Excerpted from “The Anonymity of the Regional
Poet,” in Can Poetry Matter?
The Predicament of Popular Poetry
Ordinary thoughts and feelings are not necessarily shallow, any more than subtle or unusual ones are necessarily profound.
Ted Kooser is a popular poet. This is not to say that he commands a mass public. No contemporary poet does—at least in America. Kooser is popular in that unlike most of his peers he writes naturally for a nonliterary public. His style is accomplished but extremely simple—his diction drawn from common speech, his syntax conversational. His subjects are chosen from the everyday world of the Great Plains, and his sensibility, though more subtle and articulate, is that of the average Midwesterner. Kooser never makes an allusion that an intelligent but unbookish reader will not immediately grasp. There is to my knowledge no poet of equal stature who writes so convincingly in a manner the average American can understand and appreciate.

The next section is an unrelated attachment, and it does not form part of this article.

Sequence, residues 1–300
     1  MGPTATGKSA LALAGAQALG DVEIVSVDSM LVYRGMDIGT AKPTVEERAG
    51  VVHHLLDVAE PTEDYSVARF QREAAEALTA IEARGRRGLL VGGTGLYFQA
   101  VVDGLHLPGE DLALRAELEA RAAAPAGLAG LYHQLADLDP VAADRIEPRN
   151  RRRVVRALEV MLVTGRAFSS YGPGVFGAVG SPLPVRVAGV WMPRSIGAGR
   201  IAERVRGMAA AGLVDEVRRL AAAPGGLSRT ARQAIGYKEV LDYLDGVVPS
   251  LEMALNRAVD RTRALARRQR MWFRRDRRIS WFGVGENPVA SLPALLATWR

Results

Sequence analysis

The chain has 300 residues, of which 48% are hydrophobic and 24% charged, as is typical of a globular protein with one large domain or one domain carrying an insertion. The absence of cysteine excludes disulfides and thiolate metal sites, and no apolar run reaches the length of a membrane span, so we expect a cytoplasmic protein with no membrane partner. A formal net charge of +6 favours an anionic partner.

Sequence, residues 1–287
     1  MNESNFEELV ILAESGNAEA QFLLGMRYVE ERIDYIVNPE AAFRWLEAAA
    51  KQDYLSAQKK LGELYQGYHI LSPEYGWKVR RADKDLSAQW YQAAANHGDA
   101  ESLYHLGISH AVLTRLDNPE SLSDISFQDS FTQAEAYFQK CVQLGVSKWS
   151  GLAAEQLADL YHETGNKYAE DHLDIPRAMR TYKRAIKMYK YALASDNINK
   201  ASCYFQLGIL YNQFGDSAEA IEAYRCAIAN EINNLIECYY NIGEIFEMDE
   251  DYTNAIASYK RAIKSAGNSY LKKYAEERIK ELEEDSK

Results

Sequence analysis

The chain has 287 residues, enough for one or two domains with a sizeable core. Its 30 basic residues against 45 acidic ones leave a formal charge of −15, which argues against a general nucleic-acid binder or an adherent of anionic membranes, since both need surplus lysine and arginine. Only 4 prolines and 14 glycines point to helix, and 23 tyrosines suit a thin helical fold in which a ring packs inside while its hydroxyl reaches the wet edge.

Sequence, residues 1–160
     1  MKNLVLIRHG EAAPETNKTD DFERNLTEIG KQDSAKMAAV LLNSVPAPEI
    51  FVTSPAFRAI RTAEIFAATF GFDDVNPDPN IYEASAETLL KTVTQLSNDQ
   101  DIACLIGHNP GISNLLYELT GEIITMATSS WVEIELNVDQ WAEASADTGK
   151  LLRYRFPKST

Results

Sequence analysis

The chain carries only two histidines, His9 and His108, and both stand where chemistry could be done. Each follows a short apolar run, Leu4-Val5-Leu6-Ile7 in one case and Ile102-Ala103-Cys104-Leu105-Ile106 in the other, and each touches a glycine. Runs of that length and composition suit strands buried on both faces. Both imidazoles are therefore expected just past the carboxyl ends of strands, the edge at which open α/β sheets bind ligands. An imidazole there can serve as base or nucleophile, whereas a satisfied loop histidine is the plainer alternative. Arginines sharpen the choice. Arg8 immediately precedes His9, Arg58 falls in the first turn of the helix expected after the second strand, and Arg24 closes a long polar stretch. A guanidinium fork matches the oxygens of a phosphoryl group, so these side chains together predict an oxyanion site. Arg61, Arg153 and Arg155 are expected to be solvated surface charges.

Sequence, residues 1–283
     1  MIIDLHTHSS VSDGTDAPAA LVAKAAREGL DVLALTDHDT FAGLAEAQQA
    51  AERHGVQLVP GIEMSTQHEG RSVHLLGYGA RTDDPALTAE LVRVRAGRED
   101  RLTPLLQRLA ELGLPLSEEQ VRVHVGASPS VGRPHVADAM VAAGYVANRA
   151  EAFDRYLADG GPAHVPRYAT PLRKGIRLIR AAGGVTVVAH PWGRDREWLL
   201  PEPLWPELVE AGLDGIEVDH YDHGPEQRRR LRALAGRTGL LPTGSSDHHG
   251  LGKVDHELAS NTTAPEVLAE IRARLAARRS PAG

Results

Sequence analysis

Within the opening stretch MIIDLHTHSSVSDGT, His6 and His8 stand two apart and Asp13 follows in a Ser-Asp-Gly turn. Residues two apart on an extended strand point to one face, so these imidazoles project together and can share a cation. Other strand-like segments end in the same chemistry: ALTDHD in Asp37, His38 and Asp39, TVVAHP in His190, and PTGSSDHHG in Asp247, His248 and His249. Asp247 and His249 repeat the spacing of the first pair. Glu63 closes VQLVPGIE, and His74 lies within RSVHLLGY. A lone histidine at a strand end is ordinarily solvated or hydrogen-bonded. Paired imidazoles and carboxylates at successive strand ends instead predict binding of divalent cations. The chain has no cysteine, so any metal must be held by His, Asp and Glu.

But to describe Kooser merely as a poet who writes plainly about the ordinary world is misleading insofar as it makes his work sound dull. For here, too, the comparison with poplar art holds true. Kooser is uncommonly entertaining. His poems are usually short and perfectly paced, his subjects relevant and engaging. Finishing one poem, the reader instinctively wants to proceed to another. It has been Kooser’s particular genius to develop a genuine poetic style that accommodates the average reading and portrays a vision that provides unexpected moments of illumination from the seemingly threadbare details of everyday life.
If Kooser’s work is visionary, however, it is on a decidedly human scale. He offers no blinding flashes of inspiration, no mystic moments of transcendence. He creates no private mythologies or fantasy worlds. Instead he provides small but genuine insights into the world of everyday experience. His work strikes the difficult balance between profundity and accessibility, just as his style manages to be personal without being idiosyncratic. It is simple without becoming shallow, striking without going to extremes. He has achieved the most difficult kind of originality. He has transformed the common idiom and experience into fresh and distinctive poetry.